Government and Policy: How Three Local Leaders Serve Their Communities


ASUU President Ephraim Kum speaks to students about he sees changes in government

By Jack O'Leary, News Writer




On Jan. 27, the Bennion Center held an online forum focused on government and policy featuring three local government leaders as panelists. Salt Lake City Council Member Andrew Johnston for District Two, Sugar House Community Council (SHCC) Chair Landon Clark, and ASUU President Ephraim Kum fielded questions from moderators about how to make a change in government policy as well as how to evaluate one’s impact as a community leader.

A common theme among the three panelists was that getting into government was not a primary goal, rather, it came as a secondary effect of helping their communities and neighborhoods. 

“I read a lot and I was just interested in knowing what’s going on. I don’t think I ever planned on running for public office to be honest with you, but I did want to be involved,” Johnston said. 

Johnston is a licensed social worker and before being elected to the city council in 2016, he worked with his local community council in the Poplar Grove neighborhood.

“There’s a lot of people in need right now. And so you’ll see some obvious stuff during the pandemic about basic needs like your housing, rental assistance or mortgage assistance, digital equity for students who have to be at home,” he said.

According to Johnston, addressing these needs can be frustrating due to the various levels of local, state, and federal government that are involved with policymaking. Adding to the frustration is also negative feedback from residents who do not agree with the solutions. 

“I think we got to find ways to still be able to communicate, regardless of where on the spectrum you are,” Johnston said.

Landon Clark was appointed Chair of the volunteer group in SHCC in 2016, after being involved with his children’s school and wanting to help with the community because of events happening close to home.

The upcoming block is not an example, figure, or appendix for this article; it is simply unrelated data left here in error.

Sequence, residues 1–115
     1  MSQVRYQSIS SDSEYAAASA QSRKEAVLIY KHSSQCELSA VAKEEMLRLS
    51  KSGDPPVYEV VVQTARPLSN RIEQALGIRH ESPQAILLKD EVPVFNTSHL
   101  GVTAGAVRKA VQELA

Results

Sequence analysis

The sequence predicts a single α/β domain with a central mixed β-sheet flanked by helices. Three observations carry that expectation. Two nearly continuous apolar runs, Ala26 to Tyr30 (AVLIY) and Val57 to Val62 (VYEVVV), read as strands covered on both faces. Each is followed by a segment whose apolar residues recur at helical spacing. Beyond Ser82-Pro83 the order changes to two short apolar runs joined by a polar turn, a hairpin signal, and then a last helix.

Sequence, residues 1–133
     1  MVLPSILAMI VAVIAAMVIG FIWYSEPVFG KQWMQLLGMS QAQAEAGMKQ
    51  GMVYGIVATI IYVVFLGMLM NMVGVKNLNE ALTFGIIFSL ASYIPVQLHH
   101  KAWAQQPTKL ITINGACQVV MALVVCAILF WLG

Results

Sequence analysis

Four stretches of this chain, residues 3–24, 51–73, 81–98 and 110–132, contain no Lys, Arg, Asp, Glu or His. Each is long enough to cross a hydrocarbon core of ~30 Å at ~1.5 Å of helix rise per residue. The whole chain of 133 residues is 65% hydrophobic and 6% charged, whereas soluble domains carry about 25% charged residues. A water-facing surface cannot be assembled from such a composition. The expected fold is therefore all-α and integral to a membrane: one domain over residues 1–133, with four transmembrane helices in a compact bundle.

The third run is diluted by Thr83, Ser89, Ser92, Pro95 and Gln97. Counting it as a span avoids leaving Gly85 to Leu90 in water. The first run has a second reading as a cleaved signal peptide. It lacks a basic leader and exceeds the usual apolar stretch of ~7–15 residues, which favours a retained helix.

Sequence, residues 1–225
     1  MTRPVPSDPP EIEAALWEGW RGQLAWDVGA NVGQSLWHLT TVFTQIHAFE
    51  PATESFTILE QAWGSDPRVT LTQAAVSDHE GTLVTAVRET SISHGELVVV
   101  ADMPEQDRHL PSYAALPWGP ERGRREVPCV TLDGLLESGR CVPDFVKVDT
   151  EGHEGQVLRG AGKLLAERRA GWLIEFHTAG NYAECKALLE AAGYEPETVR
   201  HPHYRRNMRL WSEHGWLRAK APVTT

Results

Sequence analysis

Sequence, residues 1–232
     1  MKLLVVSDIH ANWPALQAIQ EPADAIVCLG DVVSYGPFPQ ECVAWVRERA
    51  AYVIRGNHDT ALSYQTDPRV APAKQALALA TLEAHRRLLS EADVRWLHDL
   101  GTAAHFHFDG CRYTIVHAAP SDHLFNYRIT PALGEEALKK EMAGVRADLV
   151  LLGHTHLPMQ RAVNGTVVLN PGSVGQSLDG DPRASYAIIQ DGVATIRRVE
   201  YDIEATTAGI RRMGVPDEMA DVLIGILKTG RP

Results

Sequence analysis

“We’re a volunteer-led Community Council, one of 26 in Salt Lake City. We kind of view our role as a conduit from the city…to the community that we represent. We try to be good stewards of the community knowing full well we can’t please everybody,” Clark said.

Recently, the council helped work towards getting the first affordable housing unit built in Sugar House, which is set to break ground next fall. According to Clark, it was hard to do because developers make less profit-building them, but nevertheless is still something the neighborhood needs more of and is something the council will continue to push for.

“Everything that’s been done in Sugar House has come through the community council at one time or the other. Some people don’t like the changes that are happening, but some people are really proud of what’s been going on,” Clark said. 

Kum was elected as ASUU President last spring and also serves as the sole student representative to the University Board of Trustees. He was drawn into government by a need to help others. 

“It just always stemmed from two things that I knew to be true. One, that life is short and two, I noticed I like helping people and I like helping to solve issues,” Kum said.

Kum said being able to influence policy and listening to those who have entrusted him to get the job done is why he decided to run in the first place. Something he will get to do as the Board of Trustees starts their search for a new University President after Ruth Watkins announced she would be leaving the U this coming April.

“Every decision that kind of happens within the Board of Trustees affects the university and usually affects the university for a long period of time. But this is kind of like an even more compounded decision,” Kum said

Additionally, Kum said by the end of the process he hopes there will be someone who continues the good work Watkins has done and also builds upon the areas where there may be gaps. Kum also stressed the importance of students getting engaged in government policy decisions.

“If you’re interested, please don’t hesitate. Students are some of the most impactful and brilliant activists I have ever seen. It could be community council or student government, something that is close to home and addresses something you care about, ” Kum said. 

According to Johnston, there are seven members on the city council and in order to pass any legislation. at least four members need to be in agreement.

“If we’re gonna live in a multicultural society with all of us having a place at the table, we’re gonna have to figure out how to compromise and come to some agreement about how to unify ourselves and work towards a more perfect union, so to speak,” Johnston said.


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